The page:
In this case,  a young girl below the age of 16 years was abductedfrom her school by the three accused in a car, and she was threatened with death if she raised an alarm. Despite her refusal she was made to drink liquor. Then she was raped by each one of them in turn under the threat of being killed if she persisted in raising an alarm.  Here the Supreme Court convicted the accused person and issued certain guidelinesfor trial in such cases.

The guidelines for trial in cases of rape are as follows:

  • Delay in lodging FIR is not material when properly explained.
  • Testimony of victim in cases of sexual assault is vital and unless there are compelling reasons which necessitate looking for corroboration of her statement, the Court should find no difficulty in convicting the accused on prosecutrix’s testimony alone.
  • Trial of sexual offences should be in cameraand invariably by a lady judge whenever available.
  • Court must restrain making observations that probably the prosecutrix is a girl of loose moral character.
  • Court is under an obligation to see that prosecutrix is not unnecessarily harassed and humiliated in cross-examinationin case of rape trial.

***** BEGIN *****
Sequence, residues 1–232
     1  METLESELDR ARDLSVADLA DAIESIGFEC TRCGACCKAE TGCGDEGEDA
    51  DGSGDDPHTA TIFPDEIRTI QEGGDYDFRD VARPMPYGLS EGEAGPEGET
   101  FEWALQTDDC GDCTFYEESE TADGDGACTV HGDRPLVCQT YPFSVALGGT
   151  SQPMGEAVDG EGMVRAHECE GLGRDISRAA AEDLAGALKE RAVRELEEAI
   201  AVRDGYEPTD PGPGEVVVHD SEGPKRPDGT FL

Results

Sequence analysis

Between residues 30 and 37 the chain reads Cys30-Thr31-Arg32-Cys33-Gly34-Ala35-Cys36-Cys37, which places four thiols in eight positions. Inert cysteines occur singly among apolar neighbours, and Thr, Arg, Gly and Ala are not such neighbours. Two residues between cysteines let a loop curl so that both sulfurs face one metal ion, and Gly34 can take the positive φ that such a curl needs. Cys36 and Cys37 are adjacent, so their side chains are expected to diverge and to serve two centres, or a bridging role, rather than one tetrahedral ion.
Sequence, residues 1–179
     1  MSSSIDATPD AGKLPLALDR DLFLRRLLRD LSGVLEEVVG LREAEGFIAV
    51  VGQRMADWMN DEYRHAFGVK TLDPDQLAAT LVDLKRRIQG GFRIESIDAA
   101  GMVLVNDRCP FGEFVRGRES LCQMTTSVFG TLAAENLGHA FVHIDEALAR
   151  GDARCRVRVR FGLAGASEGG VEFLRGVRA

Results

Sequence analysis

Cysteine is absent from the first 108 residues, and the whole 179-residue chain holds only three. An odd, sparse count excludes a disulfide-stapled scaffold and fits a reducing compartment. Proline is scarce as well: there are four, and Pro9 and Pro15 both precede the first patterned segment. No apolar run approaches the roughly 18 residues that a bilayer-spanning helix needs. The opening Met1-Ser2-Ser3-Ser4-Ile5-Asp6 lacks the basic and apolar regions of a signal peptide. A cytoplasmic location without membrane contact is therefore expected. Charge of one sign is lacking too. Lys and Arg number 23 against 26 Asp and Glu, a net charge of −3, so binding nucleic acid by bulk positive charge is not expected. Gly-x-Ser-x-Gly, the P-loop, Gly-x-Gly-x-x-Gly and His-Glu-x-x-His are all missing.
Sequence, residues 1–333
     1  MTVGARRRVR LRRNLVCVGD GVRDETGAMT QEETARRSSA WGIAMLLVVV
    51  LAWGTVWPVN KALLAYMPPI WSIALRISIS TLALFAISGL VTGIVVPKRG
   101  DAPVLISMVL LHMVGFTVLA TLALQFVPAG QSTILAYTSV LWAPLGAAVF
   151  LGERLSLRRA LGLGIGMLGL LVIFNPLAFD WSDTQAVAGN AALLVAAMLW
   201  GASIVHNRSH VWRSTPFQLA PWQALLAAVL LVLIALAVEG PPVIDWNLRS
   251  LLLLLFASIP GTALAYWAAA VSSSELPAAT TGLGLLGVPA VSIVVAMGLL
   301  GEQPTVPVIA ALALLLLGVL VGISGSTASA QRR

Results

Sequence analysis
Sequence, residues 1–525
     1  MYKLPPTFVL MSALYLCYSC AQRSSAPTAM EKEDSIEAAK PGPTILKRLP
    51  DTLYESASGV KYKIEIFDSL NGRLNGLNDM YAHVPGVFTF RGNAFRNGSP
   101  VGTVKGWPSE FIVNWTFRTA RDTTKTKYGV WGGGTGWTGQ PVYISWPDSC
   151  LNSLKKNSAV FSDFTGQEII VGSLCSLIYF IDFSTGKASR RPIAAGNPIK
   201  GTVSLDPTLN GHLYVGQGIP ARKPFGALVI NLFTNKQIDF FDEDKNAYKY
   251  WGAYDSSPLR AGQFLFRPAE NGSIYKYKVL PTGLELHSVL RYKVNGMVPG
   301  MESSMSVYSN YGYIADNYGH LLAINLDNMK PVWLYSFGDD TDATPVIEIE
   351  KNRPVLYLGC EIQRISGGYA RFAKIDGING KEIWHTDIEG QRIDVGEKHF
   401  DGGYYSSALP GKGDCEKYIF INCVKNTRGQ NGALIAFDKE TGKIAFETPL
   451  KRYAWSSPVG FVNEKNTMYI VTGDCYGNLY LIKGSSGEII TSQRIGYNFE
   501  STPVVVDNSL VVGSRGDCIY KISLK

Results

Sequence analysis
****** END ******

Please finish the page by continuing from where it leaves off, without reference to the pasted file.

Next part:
2) Without her consent:

The important ingredient of the offence of rape is the absence of consent. The object behind the exemption from liability in the case of consent is based on the principle that a man is the best judge of his or her own interest, and if a man (includes woman) decides to suffer a harm voluntarily, he or she cannot complain of it when it comes about.

According to Explanation 2 given u/s 375, consentmeans an unequivocal voluntary agreement when the person by words, gestures or any form of non-verbal communication, communicates willingness to participate in the specific sexual act.

TukaRam v. State of Maharashtra (AIR 1979 SC 185)

 In this case, a 16-year-old tribal girl was raped by two policemen in the compound of police chowky in Chandrapur district of Maharashtra. Her relatives, who had come to register a complaint, were patiently waiting outside even as this heinous act was being perpetrated in the police station. At the Sessions Court, victim was accused of being a “liar” and that since she was “habituated to sexual intercourse”, her consent was given. The Nagpur bench of the Bombay High Court set aside the judgment holding that that passive submission due to fear induced by serious threats could not be construed as willing sexual intercourse. However, the decision of the Supreme Court remains a blot on its record to this day. The rationale for acquittal was that Mathura had not raised an alarm and there were no visible marks of injury on her body. The judgment did not distinguish between consent and forcible submission.

However, the Supreme Court acquitted the accused person. The rationale for acquittal was that victim had not raised an alarm and there were no visible marks of injury on her body. The judgment did not distinguish between consent and forcible submission.